I think these things are very important things that we need to think about as owners. We do need to engage and talk to people about what we want to see in there. Voting is a blunt tool, it is yes or no, but it is still incredibly important.
Yeah, there has to be more than executive pay though, that's a very very topical issue, but if I just think about what's been making the news recently, things like quality of opportunity, gender diversity, there's so much more now, which is creeping into the discourse.
So, there are issues that, globally, things like gender equality and equality for minorities, things like carbon is coming up, but then, they're also regional and industry issues, so there are some industries where...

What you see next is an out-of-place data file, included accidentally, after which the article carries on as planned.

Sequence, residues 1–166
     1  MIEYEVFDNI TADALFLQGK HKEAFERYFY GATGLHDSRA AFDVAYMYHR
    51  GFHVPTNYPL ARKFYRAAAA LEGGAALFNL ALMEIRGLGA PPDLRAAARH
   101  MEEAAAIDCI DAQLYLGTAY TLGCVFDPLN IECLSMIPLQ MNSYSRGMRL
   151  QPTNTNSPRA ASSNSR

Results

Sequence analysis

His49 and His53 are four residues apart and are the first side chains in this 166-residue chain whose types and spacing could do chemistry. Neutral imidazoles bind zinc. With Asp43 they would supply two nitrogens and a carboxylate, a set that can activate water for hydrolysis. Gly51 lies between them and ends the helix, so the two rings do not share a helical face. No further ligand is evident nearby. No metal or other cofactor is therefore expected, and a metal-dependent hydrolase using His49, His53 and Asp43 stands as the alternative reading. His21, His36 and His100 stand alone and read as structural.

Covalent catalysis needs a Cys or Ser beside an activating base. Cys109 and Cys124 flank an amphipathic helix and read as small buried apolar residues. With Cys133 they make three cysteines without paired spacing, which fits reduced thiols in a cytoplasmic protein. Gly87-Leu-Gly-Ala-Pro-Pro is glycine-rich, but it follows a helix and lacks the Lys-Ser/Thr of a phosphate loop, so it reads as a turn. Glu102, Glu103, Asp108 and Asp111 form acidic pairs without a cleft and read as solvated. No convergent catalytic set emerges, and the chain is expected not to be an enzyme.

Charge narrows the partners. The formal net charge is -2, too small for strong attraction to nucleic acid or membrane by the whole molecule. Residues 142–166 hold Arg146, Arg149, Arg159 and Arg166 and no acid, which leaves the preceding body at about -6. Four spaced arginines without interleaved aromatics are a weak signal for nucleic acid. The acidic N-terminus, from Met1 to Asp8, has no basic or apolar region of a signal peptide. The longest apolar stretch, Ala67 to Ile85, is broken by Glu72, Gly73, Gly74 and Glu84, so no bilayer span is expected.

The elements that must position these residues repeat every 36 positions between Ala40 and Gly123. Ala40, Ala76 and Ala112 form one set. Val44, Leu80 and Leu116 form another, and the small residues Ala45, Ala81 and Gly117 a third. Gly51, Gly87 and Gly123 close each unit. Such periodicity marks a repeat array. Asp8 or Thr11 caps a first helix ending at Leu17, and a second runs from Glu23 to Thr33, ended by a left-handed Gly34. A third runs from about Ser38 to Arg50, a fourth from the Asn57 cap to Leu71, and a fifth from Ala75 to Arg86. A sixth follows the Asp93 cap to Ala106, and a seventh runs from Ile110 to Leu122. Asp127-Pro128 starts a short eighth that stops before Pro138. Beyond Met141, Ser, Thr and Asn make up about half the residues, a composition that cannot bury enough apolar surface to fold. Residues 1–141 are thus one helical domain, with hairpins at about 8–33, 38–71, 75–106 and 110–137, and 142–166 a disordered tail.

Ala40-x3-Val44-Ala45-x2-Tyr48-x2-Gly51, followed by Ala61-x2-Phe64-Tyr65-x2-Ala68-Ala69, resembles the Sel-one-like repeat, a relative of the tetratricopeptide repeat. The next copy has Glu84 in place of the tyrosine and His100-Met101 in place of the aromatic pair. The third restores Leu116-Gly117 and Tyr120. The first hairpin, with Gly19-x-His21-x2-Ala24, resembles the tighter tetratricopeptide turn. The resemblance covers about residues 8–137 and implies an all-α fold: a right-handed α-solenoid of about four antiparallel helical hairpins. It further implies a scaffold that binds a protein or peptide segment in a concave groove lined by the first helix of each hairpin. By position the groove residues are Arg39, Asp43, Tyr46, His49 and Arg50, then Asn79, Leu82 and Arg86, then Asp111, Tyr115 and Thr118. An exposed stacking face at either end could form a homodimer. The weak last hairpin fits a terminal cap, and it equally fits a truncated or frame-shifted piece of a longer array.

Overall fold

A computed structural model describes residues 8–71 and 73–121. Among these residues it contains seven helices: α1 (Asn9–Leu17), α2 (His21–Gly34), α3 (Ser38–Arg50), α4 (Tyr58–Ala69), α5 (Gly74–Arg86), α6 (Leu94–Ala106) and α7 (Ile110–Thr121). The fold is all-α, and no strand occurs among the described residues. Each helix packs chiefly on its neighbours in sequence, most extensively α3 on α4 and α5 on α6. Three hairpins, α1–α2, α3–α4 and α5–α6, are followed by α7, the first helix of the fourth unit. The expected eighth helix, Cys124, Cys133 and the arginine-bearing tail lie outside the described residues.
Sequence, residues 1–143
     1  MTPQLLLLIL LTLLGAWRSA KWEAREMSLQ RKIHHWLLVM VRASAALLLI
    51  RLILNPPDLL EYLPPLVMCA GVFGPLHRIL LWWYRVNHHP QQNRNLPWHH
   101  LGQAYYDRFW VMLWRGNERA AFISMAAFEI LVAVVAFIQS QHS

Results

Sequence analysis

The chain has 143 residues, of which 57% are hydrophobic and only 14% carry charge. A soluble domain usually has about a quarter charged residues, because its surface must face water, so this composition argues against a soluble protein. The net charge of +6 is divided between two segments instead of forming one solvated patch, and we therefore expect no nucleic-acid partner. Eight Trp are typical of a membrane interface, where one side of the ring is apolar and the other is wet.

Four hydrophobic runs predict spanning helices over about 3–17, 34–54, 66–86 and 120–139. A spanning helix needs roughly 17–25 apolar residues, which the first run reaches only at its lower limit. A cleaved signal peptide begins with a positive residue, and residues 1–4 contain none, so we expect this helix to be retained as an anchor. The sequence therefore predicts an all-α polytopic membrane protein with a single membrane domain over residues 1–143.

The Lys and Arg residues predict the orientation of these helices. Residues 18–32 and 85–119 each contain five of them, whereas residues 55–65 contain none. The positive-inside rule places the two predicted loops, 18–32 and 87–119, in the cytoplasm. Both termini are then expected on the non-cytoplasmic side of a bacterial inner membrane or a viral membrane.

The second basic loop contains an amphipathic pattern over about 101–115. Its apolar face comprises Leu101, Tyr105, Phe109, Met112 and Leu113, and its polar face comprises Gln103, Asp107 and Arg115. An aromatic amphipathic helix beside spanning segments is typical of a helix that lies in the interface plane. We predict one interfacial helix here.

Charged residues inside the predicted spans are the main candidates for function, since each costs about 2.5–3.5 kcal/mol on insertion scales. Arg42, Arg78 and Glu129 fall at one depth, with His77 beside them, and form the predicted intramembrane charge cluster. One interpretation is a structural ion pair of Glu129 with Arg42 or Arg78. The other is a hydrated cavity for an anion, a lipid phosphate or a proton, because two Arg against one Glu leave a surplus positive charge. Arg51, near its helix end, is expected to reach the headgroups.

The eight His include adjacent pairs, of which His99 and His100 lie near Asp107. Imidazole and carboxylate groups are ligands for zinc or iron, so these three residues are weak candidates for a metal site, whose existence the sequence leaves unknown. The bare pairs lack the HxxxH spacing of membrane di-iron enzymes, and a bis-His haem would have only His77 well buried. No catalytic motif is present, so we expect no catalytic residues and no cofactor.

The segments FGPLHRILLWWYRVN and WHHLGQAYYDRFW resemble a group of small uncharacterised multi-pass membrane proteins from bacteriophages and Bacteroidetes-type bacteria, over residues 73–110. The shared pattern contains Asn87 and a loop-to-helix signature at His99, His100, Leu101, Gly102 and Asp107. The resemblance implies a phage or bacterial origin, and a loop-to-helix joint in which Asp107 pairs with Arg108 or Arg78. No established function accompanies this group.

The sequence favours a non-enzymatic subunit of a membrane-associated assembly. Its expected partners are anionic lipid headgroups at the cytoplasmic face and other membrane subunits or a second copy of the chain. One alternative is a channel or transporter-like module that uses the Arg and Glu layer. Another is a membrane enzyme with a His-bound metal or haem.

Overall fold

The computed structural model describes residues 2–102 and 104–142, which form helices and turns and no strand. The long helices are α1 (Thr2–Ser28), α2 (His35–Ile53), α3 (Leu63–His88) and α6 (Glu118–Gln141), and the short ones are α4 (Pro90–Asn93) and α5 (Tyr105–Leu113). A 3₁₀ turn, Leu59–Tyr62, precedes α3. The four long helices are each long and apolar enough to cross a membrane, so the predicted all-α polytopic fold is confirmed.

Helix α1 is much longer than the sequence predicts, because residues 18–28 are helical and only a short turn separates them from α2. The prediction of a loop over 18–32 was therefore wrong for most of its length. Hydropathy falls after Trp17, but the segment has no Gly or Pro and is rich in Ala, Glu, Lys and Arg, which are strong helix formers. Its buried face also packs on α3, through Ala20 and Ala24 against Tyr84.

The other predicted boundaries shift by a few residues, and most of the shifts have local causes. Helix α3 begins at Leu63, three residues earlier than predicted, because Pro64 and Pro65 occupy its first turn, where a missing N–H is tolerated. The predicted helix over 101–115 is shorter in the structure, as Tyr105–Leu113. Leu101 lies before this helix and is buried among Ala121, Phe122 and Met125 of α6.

You know, just water, I mean carbon for the energy industry is critical. And also, once you get to the chemical refining business, you know what you're doing with water usage and recycling and things like that, so those are very specific points. It's disclosure, it's supply chain for the garments industry, for the food industry. And then, you're to have regional issues. You know, for Japan, governance is a big issue, independence of the board, medium-term plans, voting on the medium-term plans, returns on equity. So, we have to be aware of the issues that are industry-specific as well as region-specific.
So, there's lots of... a final question I wanted to ask you, cause I know that a proxy is typically a long-form and there's lots of proposals there that shareholders are asked for their opinion on, but, if you had to think more broadly about that form, what is... that you don't typically see on the form that you wish you could vote on if you got the chance?